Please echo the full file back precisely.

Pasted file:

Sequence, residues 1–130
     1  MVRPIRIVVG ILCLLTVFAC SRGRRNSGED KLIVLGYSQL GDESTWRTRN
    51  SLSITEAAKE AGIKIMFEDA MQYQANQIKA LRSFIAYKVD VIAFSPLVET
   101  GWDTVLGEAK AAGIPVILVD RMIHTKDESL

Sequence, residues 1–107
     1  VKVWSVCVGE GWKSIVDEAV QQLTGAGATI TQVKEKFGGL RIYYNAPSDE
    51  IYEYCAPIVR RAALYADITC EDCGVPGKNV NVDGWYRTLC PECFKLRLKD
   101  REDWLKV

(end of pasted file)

Sequence, residues 1–130
     1  MVRPIRIVVG ILCLLTVFAC SRGRRNSGED KLIVLGYSQL GDESTWRTRN
    51  SLSITEAAKE AGIKIMFEDA MQYQANQIKA LRSFIAYKVD VIAFSPLVET
   101  GWDTVLGEAK AAGIPVILVD RMIHTKDESL

Sequence, residues 1–107
     1  VKVWSVCVGE GWKSIVDEAV QQLTGAGATI TQVKEKFGGL RIYYNAPSDE
    51  IYEYCAPIVR RAALYADITC EDCGVPGKNV NVDGWYRTLC PECFKLRLKD
   101  REDWLKV